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Models of flow and diffusion: I : Selective withdrawal from a stratified fluid II: Dispersal of hydrogen in the retina

Mansoor, Wafaa Faisal (2022) Models of flow and diffusion: I : Selective withdrawal from a stratified fluid II: Dispersal of hydrogen in the retina. PhD thesis, Murdoch University.

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This dissertation is divided into two parts. In the first part we investigate the withdrawal of fluid from a region of fluid with the outlet situated at an arbitrary location. A model for the dispersal of hydrogen released into the retina in an attempt to estimate blood flow in the eye is considered in the second part.

In the first part, the flow induced by a line sink at an arbitrary location in a fluid of finite depth with a free surface, relevant to flows in reservoirs, lakes and cooling ponds, is examined. A rigid-lid solution for small flow rates is obtained and a numerical method based on fundamental singularities techniques is applied to the full nonlinear problem. Both linear and numerical steady solutions are obtained for the shape of the free surface and show good agreement. The results suggest that steady non-linear solutions are limited to flow rates below some critical value that depends on the sink location, the surface tension and the strength of the flow. A theorem has been proven regarding the behaviour of the fluid surface and some interesting surface shapes are obtained.

The two-dimensional steady flow of an inviscid fluid induced by a line sink located at an arbitrary location in a region of infinite depth is computed. The solution in the limit of small Froude number is obtained analytically, and numerically for the nonlinear problem. The asymptotic solution is found to have a property that if the horizontal location of the sink, xs < 1, there is only one stagnation point on the surface, at the wall. However, if the horizontal location xs > 1 a second stagnation point forms on the free surface. This has implications for the design of outlets in dams and reservoirs. Numerical solution for the nonlinear problem confirms these properties. The effect of moving the sink horizontally has also been considered. The maximum Froude numbers at which steady solutions exist are computed and compared with previous work and the effects of surface tension are investigated.

Finally in this part, we examine the unsteady flow due to a line sink in a fluid of finite depth with surface tension where the sink is situated at an arbitrary depth and location. Here we focus on critical values of flow rate that lead to steady or drawn down surfaces and the transitions between the different cases. A solution to the un-steady, linear problem is derived using an integral equation technique. The unsteady, nonlinear equation is then solved numerically using a novel fundamental singularities method. The shape of the free surface is computed for a range of parameter values where the effects of surface tension are taken into account. The linear solution is shown to be in a good agreement with the full nonlinear solution until the depth becomes significant, at which point the nonlinearities become apparent and the two solutions begin to differ slightly. We will examine the behaviour of the flow when the fluid is stagnant and the sink is turned on suddenly. Initially, the free surface is pulled down everywhere regardless of Froude number, F , and surface tension, β, firstly, either near the wall, if the sink is close to the wall, or above the sink, in cases where the sink is situated further from the origin. If the Froude number, F , is large enough the initial dip will keep going until drawdown occurs. However, if the Froude number, F , is smaller, the central region rebounds upward and that leads to a more complicated situation where there are several possible outcomes. There are three general states at the breakdown point of the simulations. These are, evolution to a steady state, drawdown of the surface and something in between which may include breaking waves or splashes. In particular, we obtained critical drawdown values of F for a range of values of β, sink location, xs, and different layer depths, H.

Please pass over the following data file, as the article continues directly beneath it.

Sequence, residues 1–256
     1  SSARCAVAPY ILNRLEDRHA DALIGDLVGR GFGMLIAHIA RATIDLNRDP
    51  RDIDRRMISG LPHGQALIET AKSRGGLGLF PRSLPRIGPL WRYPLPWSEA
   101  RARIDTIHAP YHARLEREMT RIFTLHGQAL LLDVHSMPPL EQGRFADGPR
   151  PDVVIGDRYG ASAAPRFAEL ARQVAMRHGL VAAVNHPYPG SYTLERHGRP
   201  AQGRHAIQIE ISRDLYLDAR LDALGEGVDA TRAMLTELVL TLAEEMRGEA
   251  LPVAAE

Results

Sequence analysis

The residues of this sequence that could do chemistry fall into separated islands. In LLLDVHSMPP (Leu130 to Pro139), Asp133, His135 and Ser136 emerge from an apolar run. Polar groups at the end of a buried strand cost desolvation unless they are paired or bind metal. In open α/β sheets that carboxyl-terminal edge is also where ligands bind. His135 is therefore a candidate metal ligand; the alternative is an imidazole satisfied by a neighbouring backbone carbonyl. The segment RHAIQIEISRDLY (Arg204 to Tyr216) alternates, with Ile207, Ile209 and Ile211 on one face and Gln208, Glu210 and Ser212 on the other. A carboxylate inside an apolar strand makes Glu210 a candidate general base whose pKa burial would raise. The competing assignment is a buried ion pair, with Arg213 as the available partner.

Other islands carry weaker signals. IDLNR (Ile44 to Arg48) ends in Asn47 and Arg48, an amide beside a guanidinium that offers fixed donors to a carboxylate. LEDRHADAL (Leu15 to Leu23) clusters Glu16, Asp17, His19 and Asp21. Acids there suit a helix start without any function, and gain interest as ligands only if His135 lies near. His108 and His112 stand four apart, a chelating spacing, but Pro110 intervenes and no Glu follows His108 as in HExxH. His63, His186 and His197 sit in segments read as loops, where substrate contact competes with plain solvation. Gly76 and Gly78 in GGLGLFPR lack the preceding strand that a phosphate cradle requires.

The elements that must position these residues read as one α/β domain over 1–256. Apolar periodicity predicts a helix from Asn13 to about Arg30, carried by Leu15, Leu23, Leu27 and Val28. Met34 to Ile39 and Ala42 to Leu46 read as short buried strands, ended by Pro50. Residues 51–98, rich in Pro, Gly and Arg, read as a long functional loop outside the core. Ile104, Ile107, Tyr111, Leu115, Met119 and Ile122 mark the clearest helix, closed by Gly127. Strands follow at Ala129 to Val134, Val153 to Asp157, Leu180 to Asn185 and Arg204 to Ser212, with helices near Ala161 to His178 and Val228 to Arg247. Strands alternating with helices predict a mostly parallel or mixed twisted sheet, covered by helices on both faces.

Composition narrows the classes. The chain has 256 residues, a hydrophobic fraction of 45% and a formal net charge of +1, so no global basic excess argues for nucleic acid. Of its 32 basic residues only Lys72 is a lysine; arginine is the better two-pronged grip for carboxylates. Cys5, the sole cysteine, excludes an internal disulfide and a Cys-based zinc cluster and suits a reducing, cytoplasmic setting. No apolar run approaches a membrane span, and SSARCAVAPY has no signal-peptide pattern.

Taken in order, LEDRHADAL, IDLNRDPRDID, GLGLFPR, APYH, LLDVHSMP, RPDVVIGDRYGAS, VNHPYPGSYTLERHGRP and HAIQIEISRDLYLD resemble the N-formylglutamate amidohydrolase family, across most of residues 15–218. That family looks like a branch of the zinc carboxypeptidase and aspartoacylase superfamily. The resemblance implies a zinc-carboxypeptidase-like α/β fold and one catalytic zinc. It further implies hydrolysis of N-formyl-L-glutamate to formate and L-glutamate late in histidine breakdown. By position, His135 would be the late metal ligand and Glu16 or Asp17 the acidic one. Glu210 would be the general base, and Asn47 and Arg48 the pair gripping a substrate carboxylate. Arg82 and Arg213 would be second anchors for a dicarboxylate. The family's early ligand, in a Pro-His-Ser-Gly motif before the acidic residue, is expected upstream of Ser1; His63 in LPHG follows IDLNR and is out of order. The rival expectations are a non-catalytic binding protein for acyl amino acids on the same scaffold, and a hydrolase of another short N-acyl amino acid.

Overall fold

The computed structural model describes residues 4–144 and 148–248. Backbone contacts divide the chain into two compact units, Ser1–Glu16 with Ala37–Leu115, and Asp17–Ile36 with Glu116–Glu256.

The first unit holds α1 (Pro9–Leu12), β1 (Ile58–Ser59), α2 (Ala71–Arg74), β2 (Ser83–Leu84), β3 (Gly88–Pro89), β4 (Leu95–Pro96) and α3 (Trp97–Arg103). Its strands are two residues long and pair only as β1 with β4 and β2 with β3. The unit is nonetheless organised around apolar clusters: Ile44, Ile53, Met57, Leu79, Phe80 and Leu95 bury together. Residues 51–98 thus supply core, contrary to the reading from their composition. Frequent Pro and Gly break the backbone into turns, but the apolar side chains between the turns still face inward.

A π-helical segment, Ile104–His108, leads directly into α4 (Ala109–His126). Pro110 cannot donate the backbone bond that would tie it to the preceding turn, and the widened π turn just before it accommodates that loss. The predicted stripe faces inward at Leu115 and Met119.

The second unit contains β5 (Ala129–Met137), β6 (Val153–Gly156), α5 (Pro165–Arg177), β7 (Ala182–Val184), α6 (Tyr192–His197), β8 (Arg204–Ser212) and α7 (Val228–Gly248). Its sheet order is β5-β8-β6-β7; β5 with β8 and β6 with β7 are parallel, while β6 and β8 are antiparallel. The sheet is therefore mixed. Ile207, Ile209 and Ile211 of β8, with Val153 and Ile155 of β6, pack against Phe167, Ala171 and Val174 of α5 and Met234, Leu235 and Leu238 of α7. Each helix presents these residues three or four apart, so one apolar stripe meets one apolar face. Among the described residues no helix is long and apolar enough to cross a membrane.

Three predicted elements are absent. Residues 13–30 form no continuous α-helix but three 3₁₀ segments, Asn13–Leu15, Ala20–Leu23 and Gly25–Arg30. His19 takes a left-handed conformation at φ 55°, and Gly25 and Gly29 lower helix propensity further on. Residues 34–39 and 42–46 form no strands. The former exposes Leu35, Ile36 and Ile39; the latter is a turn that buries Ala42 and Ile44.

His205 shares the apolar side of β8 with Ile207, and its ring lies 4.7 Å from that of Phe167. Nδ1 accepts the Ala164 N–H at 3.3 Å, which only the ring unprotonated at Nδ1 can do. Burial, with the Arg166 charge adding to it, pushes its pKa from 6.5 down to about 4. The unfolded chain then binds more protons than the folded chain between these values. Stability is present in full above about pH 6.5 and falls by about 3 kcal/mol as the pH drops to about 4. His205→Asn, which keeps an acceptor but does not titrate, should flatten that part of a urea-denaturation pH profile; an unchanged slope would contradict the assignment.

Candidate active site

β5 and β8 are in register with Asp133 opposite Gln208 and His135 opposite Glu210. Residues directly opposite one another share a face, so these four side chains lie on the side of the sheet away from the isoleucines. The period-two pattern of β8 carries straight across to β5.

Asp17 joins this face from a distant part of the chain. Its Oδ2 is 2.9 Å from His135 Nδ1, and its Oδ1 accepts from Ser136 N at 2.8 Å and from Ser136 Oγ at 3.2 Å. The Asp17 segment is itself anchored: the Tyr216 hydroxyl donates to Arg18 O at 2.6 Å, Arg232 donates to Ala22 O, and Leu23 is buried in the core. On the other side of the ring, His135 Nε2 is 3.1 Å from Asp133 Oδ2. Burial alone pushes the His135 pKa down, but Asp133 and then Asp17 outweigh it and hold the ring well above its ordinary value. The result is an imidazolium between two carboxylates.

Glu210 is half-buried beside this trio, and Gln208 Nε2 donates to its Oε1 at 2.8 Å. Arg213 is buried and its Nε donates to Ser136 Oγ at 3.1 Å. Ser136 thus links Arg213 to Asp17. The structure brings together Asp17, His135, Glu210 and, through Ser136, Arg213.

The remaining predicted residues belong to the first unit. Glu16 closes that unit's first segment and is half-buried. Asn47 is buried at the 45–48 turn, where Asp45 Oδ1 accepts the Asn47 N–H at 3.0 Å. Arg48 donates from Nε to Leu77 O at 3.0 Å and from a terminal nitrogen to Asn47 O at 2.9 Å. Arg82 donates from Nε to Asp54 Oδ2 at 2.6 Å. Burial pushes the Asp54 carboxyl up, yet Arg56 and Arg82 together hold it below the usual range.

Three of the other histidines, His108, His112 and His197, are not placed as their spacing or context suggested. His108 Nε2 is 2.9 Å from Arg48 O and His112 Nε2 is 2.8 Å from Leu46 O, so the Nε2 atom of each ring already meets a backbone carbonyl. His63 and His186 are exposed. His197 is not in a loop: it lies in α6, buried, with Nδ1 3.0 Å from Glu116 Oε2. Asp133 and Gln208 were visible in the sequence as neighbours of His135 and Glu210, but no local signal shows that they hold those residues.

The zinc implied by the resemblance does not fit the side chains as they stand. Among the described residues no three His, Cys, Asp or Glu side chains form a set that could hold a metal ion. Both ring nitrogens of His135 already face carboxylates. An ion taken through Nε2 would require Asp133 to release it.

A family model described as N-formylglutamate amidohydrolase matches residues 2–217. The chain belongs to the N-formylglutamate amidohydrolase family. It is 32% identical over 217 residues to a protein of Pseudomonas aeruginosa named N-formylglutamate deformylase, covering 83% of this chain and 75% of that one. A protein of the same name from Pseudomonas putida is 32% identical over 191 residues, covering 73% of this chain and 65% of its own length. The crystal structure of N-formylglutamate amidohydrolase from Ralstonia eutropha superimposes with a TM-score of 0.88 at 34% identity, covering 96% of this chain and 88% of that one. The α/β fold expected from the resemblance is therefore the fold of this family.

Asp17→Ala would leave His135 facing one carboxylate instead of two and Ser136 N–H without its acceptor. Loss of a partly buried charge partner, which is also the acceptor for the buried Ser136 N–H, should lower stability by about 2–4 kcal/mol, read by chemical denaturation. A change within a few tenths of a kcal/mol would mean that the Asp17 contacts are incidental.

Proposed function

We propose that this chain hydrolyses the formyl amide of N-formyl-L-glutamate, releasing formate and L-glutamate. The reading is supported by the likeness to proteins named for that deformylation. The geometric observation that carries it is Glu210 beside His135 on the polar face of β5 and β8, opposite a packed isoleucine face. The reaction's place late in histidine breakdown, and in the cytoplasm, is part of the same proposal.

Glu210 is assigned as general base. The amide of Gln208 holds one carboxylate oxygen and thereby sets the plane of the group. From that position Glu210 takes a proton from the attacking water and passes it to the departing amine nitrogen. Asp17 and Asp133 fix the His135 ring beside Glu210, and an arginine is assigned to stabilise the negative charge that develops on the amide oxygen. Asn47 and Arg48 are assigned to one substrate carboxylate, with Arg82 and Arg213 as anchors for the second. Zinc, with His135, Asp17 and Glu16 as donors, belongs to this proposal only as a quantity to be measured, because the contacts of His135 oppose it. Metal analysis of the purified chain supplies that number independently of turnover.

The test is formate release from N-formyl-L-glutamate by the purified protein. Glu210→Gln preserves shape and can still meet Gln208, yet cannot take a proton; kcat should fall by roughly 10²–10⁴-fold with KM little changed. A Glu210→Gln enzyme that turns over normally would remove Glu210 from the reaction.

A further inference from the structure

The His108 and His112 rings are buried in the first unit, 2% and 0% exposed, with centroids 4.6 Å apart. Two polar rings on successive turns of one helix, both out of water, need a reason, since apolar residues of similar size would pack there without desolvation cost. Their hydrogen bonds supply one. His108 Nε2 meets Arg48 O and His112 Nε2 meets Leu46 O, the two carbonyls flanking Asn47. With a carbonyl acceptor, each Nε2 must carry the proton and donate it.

In the second major part of the thesis, two mathematical models of advection and diffusion of hydrogen within the retina are discussed to assist in interpretation of the “Hydrogen clearance technique” that is used to estimate blood flow. The first model assumes the retina consists of three, well-mixed layers with different thickness, and the second is a two-dimensional model consisting of three regions that represent the layers in the retina. Diffusion between the layers and leakage through the outer edges are considered. Solutions to the governing equations are obtained by employing Fourier series and finite difference methods for the two models, respectively. The effect of important parameters on the hydrogen concentration is examined and discussed, and a formula is derived for the speed of travel of the bolus of hydrogen. The results contribute to understanding the dispersal of hydrogen in the retina and in particular the effect of flow in the vascular retina. It is shown that the predominant features of the process are captured by the simpler model, meaning that the predictions in experiments can be interpreted without detailed simulation.

Item Type: Thesis (PhD)
Murdoch Affiliation(s): Mathematics, Statistics, Chemistry and Physics
Supervisor(s): Hocking, Graeme and Farrow, Duncan
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